The Sleeping Mountain

Scenario by Janice Cooper, revised by Ramya Chari and curated by Dr. Glenn Jaecks (U.C. Davis) - Starting Point page by R. Teed (SERC).
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  1. This resource received a gold-star rating from a Panel Peer Review

    These materials were reviewed using face-to-face NSF-style review panel of geoscience and geoscience education experts to review groups of resources addressing a single theme. Panelists wrote reviews that addressed the criteria:

    1. scientific accuracy and currency
    2. usability and
    3. pedagogical effectiveness
    Reviewers rated the resources:
    1. Accept
    2. Accept with minor revisions
    3. Accept with major revisions, or
    4. Reject.
    They also singled out those resources they considered particularly exemplary, which are given a gold star rating.

    Following the panel meetings, the conveners wrote summaries of the panel discussion for each resource; these were transmitted to the creator, along with anonymous versions of the reviews. Relatively few resources were accepted as is. In most cases, the majority of the resources were either designated as 1) Reject or 2) Accept with major revisions. Resources were most often rejected for their lack of completeness to be used in a classroom or they contained scientific inaccuracies.

  2. This activity was selected for the On the Cutting Edge Reviewed Teaching Collection

    This activity has received positive reviews in a peer review process involving five review categories. The five categories included in the process are

    • Scientific Accuracy
    • Alignment of Learning Goals, Activities, and Assessments
    • Pedagogic Effectiveness
    • Robustness (usability and dependability of all components)
    • Completeness of the ActivitySheet web page

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This page first made public: Mar 30, 2005

This material was originally created for Starting Point:Introductory Geology
and is replicated here as part of the SERC Pedagogic Service.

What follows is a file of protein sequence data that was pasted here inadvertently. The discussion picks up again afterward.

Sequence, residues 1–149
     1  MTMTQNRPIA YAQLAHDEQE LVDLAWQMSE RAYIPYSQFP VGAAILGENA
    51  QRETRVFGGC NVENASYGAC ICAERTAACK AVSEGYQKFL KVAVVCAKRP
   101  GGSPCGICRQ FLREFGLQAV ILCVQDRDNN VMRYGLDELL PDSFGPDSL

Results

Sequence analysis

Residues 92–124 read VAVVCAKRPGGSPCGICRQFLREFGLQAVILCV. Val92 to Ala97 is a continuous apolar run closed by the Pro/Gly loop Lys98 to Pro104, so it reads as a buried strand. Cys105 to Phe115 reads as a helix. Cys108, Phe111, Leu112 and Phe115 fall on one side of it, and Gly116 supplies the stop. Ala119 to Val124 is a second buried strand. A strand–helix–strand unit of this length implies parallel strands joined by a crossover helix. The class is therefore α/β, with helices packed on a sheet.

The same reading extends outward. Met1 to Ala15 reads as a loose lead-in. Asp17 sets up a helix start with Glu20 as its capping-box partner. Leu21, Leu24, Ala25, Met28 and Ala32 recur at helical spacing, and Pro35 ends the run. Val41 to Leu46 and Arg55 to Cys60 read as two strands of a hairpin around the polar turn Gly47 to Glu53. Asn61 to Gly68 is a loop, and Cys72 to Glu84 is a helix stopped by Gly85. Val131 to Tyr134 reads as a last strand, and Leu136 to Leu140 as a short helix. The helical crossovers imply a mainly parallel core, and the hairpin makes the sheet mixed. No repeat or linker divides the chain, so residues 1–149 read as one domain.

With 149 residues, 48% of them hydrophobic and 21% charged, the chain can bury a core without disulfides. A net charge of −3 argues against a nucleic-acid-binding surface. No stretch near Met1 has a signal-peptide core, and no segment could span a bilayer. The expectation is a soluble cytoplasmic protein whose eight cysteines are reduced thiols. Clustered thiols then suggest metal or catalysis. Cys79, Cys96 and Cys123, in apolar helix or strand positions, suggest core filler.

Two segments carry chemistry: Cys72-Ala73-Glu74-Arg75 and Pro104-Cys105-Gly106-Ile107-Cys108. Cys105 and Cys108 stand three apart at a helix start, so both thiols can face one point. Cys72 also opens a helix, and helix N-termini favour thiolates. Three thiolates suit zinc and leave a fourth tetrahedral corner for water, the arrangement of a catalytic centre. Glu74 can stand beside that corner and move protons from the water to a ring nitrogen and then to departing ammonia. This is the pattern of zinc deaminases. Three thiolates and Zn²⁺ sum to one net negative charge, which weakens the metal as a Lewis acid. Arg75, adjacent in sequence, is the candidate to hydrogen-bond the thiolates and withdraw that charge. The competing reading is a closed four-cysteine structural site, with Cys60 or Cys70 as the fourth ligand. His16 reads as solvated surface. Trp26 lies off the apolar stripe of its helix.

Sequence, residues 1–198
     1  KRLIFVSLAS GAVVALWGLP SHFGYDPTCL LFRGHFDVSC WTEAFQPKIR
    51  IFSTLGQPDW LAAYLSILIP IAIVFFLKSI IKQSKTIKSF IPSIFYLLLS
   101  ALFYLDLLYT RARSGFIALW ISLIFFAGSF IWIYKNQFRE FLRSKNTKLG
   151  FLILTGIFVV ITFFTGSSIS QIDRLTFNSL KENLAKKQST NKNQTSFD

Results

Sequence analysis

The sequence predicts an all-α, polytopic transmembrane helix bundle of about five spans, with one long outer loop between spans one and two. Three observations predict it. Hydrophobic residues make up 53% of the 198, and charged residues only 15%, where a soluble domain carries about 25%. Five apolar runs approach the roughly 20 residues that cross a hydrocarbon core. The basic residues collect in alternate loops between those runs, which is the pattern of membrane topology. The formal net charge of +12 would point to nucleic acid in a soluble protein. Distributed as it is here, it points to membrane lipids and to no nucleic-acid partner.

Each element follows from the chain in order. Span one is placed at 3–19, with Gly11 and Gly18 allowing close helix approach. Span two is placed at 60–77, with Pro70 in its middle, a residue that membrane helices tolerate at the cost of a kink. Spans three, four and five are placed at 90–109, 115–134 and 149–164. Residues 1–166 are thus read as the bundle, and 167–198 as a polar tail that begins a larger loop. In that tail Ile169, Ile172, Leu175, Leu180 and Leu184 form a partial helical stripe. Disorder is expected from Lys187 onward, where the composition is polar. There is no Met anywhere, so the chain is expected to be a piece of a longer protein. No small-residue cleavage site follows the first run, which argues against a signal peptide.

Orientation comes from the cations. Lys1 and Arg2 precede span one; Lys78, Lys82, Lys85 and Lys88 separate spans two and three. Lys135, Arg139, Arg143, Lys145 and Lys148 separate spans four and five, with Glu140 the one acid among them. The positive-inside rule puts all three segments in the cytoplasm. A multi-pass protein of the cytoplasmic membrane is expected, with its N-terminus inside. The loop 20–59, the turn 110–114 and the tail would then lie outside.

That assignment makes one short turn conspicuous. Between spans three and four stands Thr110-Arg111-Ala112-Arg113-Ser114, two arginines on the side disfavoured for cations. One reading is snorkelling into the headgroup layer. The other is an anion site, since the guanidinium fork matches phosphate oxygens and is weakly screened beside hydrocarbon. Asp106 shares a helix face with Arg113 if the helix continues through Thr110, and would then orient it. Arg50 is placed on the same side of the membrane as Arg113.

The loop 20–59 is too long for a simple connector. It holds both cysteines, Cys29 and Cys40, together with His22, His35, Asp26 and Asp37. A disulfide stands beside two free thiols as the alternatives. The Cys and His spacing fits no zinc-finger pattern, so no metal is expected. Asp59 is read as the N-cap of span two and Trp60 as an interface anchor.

In this role-playing scenario, students represent townspeople whose lives and livelihoods are endangered by an active volcano that may or may not erupt in the near future. They must debate whether to invest in or to abandon their town. The site outlines the roles and includes a description of the original, real volcano that inspired the scenario, Mammoth Mountain in California, with a list of links. Before the debate, the students must research monitoring volcano activity and write a paper about it.

Learning Goals

Students will:
  • Examine methods used to monitor volcanoes.
  • Evaluate the risks of volcanic activity in a fictitious setting
  • Experience the ways in which volcanoes affect the lives of the people living near them.

Context for Use

The debate should take one discussion period and student preparation a little longer than that.

Description and Teaching Materials

The Sleeping Mountain scenario is well-developed and includes links, scientific background, and characters. Students will need access to research materials, including Internet-capable computers. It is interesting to compare the resort's Ski Trail Map and the USGS information. Variants of one or both of these should be given to certain students (depending on their perspective of the area).

Teaching Notes and Tips

This exercise is ready to run, although educators may wish to customize the scenario a bit. I would add the USGS Mammoth Mountain Page (more info) to the "required" list.


There is a 3-page paper due the day of the debate on volcano monitoring that will help prepare the students. The assignment includes links to helpful advice on writing papers.

References and Resources

An interesting counterpoint to the links about the geologic hazard at Mammoth Mountain provided in the Sleeping Mountain Scenario are these optimistic tourist-business sites. Understandably, none of them mention the active volcano under the resort.

Other approaches to role-playing that involve volcanoes are: